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Napster May be Held Responsible for Copyright Infringements

Aired February 12, 2001 - 1:06 p.m. ET

THIS IS A RUSH TRANSCRIPT. THIS COPY MAY NOT BE IN ITS FINAL FORM AND MAY BE UPDATED.

NATALIE ALLEN, CNN ANCHOR: When this ruling does come down, what will it mean for the rest of the world? We are going to talk about that with Nick Allard, an attorney specializing in cyber-law. He joins us from Washington to walk us through this.

Nick, as we wait, we should hear any moment. Do you have a feeling of how this is going to go?

NICK ALLARD, ATTORNEY: Not at all, Natalie. You note all the last-minute downloaders; kind of reminds you of the California gold rush, and like the gold rush, the federal courts are the first outpost of law and order; certainly the case here in cyberspace. We'll just have to wait and see how this opinion comes out.

ALLEN: Many people feel, Nick, that the genie is out of the bottle. How do you get it back even if the courts clamp down on Napster -- the technology is out there?

ALLARD: The genie may have his head and torso out of the bottle at this point; it's not quite out of the bottle. But that is a terrific analogy. Professor Paul Goldstein from Stanford likes to point out that once the public gets used to paying for something for free, it's very hard for lawmakers to put that genie back in the bottle, to paraphrase. That's why the creative arts community -- the music recording industry -- is so anxious to have some clear rules established here.

ALLEN: And, where would it go from here, if this were allowed to continue? I've talked with people on this subject who say, what about videos? Are people going to be able to download videos for free? Where could it stop, if this is allowed to continue?

ALLARD: Well, that's what's at issue here. It is really the historic, classic balancing between the creators of original works of art and the users of works of art. We've seen the same fight played out every time a new information technology has been introduced. The interesting -- particularly interesting thing in this particular case, is not only -- not only the novelty of the issues, but the nature of this new technology.

Remember, we're basically applying a copyright law that originated in the Gutenberg-era printing press type of technology. One of the interesting legal arguments was raised was whether the court below Judge Patel, who just joined the bench 20 years ago when I was clerking there, on that particular court. Whether Judge Patel had adequately -- had an opportunity to examine the technology involved: that will be one of the important issues. And you should look for that in the opinion as it comes out.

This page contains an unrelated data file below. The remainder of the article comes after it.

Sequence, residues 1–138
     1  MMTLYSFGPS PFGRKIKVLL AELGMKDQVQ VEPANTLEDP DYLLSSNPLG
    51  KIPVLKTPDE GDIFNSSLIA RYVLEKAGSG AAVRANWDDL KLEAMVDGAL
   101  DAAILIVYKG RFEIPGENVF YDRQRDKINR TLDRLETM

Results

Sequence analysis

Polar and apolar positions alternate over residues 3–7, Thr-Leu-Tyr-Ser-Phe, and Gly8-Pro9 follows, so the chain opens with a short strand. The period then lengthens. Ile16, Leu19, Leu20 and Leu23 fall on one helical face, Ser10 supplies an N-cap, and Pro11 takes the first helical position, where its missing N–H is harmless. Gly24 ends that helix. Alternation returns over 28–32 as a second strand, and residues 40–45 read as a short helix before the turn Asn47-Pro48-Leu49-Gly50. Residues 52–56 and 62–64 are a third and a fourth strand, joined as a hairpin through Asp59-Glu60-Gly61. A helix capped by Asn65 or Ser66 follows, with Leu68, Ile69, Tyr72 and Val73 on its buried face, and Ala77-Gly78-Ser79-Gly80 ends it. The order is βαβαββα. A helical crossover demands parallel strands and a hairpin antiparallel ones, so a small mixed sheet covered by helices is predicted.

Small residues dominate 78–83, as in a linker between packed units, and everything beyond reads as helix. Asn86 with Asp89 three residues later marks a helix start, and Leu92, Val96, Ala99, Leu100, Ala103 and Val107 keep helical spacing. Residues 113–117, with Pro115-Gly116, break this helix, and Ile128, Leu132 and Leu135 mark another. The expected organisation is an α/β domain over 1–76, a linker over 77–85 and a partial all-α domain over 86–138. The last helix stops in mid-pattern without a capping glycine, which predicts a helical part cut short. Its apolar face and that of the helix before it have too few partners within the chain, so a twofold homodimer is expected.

ALLEN: All right, well, Nick, we think it has just come down, so let's go over to Lou Waters who has been looking at it.

WATERS: Natalie, the appeals court has ruled. And I'm not going to take the headline away from Rusty Dornin who is out in San Francisco.

What's it all about?

RUSTY DORNIN, CNN CORRESPONDENT: Well, Lou, it looks like that the court has upheld at least part of the injunction and sent part of it back to the federal courts. They did say that Napster may be held liable only to the extent that Napster knows of specific copyright infringements, and that they failed to do something about it.

What is unclear now, is whether or not that will shutdown the service or it will -- because only part of the injunction has been upheld. So, we're not clear at this point whether the service will be shutdown or it will be allowed to operate, pending the outcome of the federal judge's decision they're sending it back to -- Lou.

WATERS: All right, Rusty Dornin. Now, Natalie, you have more to chew on with Mr. Allard.

ALLEN: Thanks. Mr. Allard, can you make sense of that? Some wondered whether it'd be a black and white decision or just a gray decision? Is this a gray decision?

ALLARD: Well, my founding partners -- Layman and Watkins (ph) -- would roll over in their graves if I rendered an opinion without even seeing the case. But, from what has been described, it sounds like it is a very questionable remedy in terms of shutting down the uses through Napster.

ALLEN: And...

ALLARD: It sounds like there's -- sounds like and this may be very unfair to the opinion, which I'm sure is very carefully written, but it sounds like a pretty big loophole.

ALLEN: And so, where would it go from here? What's the big picture at this point?

ALLARD: Again, I have to look to the opinion, but, even if there was a clearer resolution of this case, that said either, you win or you lose, Napster -- this would not have been the last word. There would have been appeals, probably to the Supreme Court. Congress would have been involved as it already is.

As importantly, the private parties, the commercial interest would continue to work out. At the top of the story, you indicated there's already been some settlement discussions with some of the parties involved. A lot more to be said after today; this isn't the beginning or the end of Napster by any means.

ALLEN: We thank you so much, Nick Allard. Thanks.

ALLARD: Thank you. Anytime.

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